Featured Book Lists
ALA Best Books for Young Adults
Click to search this book in our catalog The Boy in the Black Suit
by Jason Reynolds

School Library Journal Gr 7 Up-Matt's mother just died, and his dad isn't coping well, hanging out with the local drunk and downing whiskey, which results in his getting hit by a car and landing in the hospital. Matt is also grieving his mom's death and now he's on his own, until he lands a job at the local funeral home: $15 an hour and Mr. Ray as his boss. Attending other people's funerals helps the teen come to grips with his own grief. Hearing mourners express their real thoughts of suffering at each funeral allows Matt to figure out his own feelings. Mr. Ray is wise and shows up at all the right times to help out the struggling young man, and when Mr. Ray's secrets come to light, he appears even cooler in Matt's eyes. Amid all this, Matt meets Lovey, the girl of his dreams, who is smart, funny, gorgeous, and tough. A mystery intersecting Lovey's life and that of Matt's best friend, Chris, deepens the plot. Written in a breezy style with complex characters who have real lives, this is another hit for Reynolds, fresh off the success of his When I Was the Greatest (S. & S., 2014). The author's seemingly effortless writing shines in this slice-of-life story, which covers a lot of the protagonist's emotional ground. The realistic setting and character-driven tale keeps readers turning the pages of this winner.-Amy Cheney, Alameda County Library, San Leandro, CA (c) Copyright 2014. Library Journals LLC, a wholly owned subsidiary of Media Source, Inc. No redistribution permitted.

(c) Copyright Library Journals LLC, a wholly owned subsidiary of Media Source, Inc. No redistribution permitted.

ALA Notable Books for Children
Click to search this book in our catalog The Book of Mistakes
by Corinna Luyken

School Library Journal PreS-Gr 3-It starts with a mistake, but page by page, one slightly too large eye, a wonky elbow, and feet a little too far off the ground transform and combine into a larger picture-one that not only is functional but also works perfectly. Illustrations rendered in ink, colored pencil, and watercolor are the focal point. They start small-just a circle, a few lines, a dot on the page, a subtle bit of color here and there-but they slowly grow, flowing across one page and onto the next before reverting back to a smaller image that begins to slowly grow again. Each page shows one small glimpse of the final picture, inviting readers to turn the page to see the rest. The simple text draws readers' attention to the illustrations, and thorough examination is rewarded with playful little details. This is a story about how mistakes can change us all for the better if we are brave enough to face them and march ahead. Readers will love following along as the small spots and smudges on each page change the work in fun and unexpected ways, and even younger readers will finish with fresh optimism and a new idea of what mistakes may become. VERDICT Children, especially fledgling artists, will want to pore over this volume one-on-one. A must-have for every library.-Maggie Mason Smith, Clemson University, SC © Copyright 2017. Library Journals LLC, a wholly owned subsidiary of Media Source, Inc. No redistribution permitted.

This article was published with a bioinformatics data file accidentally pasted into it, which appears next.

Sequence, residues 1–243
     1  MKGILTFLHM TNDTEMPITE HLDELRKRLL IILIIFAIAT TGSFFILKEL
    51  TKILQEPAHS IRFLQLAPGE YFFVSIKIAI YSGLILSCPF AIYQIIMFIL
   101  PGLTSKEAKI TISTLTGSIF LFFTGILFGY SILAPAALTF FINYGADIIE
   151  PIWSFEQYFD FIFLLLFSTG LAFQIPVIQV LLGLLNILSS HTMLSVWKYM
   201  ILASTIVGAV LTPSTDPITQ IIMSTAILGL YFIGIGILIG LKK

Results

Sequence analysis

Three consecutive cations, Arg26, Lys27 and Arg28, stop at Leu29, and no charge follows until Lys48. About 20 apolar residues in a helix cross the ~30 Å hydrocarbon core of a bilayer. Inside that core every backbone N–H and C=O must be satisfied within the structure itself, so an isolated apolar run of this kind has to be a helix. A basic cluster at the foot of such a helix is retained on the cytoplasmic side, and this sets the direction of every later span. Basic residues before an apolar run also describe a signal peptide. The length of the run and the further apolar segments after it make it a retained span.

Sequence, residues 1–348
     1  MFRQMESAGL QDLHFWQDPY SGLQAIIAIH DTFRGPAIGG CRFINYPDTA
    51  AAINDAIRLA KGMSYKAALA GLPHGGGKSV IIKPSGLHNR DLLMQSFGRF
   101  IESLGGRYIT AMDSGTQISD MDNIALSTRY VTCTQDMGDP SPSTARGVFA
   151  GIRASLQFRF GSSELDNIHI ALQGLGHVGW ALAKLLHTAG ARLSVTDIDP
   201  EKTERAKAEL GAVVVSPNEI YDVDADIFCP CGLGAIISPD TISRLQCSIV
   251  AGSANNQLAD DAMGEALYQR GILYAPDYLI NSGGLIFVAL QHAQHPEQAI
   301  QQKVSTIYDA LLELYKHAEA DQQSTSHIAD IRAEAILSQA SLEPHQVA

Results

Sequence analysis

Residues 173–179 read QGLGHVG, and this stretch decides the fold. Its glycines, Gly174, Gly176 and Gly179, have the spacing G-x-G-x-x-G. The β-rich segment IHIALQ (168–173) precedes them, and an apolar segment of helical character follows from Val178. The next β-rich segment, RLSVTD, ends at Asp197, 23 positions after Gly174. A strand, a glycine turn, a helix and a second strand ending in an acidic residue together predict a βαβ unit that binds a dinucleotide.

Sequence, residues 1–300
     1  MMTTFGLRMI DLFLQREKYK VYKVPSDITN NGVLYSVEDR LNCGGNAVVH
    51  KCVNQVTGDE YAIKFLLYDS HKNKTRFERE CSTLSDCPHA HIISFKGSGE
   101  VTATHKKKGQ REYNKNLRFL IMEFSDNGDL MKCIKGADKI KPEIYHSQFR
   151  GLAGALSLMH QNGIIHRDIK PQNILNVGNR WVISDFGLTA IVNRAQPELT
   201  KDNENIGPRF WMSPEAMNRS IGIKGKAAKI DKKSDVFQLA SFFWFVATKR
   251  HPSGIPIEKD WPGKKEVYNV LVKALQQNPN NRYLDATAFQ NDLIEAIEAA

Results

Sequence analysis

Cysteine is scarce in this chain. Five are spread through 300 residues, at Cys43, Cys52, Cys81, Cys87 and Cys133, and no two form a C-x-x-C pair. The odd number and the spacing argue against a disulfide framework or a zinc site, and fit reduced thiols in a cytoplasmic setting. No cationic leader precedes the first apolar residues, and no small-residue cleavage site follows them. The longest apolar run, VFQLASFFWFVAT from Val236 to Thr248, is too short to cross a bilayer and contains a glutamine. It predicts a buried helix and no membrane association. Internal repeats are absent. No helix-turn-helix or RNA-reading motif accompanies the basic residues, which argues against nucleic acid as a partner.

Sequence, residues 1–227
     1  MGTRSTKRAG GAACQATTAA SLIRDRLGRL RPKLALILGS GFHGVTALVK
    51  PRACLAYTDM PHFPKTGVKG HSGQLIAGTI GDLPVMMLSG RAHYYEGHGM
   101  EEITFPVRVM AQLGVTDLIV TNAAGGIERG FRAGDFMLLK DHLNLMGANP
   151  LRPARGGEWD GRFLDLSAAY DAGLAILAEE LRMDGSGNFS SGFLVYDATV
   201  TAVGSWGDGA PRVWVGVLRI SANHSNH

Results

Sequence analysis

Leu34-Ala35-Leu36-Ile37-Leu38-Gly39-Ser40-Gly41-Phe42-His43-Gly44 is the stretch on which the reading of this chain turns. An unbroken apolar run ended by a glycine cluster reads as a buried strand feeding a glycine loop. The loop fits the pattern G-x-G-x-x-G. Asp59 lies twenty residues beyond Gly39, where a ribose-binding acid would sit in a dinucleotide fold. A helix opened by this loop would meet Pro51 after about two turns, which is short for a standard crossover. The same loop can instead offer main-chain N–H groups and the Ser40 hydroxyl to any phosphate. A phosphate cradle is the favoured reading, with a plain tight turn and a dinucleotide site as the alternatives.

(c) Copyright Library Journals LLC, a wholly owned subsidiary of Media Source, Inc. No redistribution permitted.

Book list *Starred Review* An inkblot and a face with an eye that's too big are those mistakes? The juxtaposition of mistakes and opportunity is the through line of this original offering that gives children a new way to think about the creative process. Each turn of the oversize, snow-white pages adds a fresh detail to the ink painting slowly being constructed. As the minimal text notes, some are good ideas the glasses on the character's face, for instance. Others, like the extra-long neck, not so much. But as the artwork becomes more detailed, and bits of color, then more, are added here and there, it becomes clear that even the unintentional or the unappealing can be turned into embellishments that enhance the whole. Sometimes the mistakes fundamentally change the whole, but if children are open to getting off the beaten path, they can find themselves immersed in magical new endeavors. Luyken, a debut author, delves into her own creative process, providing images to ponder. The final few spreads, especially, can be the springboard for an interesting discussion of imagination. One thing's for sure: this will lead kids to see their own so-called mistakes in a new, more positive light.--Cooper, Ilene Copyright 2017 Booklist

From Booklist, Copyright © American Library Association. Used with permission.

Caldecott Medal Winners
Click to search this book in our catalog Big Cat, Little Cat
by Elisha Cooper

Book list It's all about simple text and clean lines in this picture book about feline camaraderie. Cooper certainly loves and understands cat behavior, as exemplified in his various poses of cats at rest and in action. A big cat (white) welcomes a new little cat (black) to the household, and shows it when to eat, when to drink, where to go, how to be, and when to rest. The white cat is outlined in black lines on generous white space as the two partake in these activities; the black cat is profiled in silhouette, with only one tiny white dot for an eye. As the years go by, the black cat grows bigger, and eventually the white cat has to go. A silhouetted family mourn along with the black cat. But soon a little white cat arrives, and the now-big black cat teaches it all the same lessons. In a final double-page spread the two dream happily, completing the concept of the circle of life in loving contentment.--Gepson, Lolly Copyright 2017 Booklist

From Booklist, Copyright © American Library Association. Used with permission.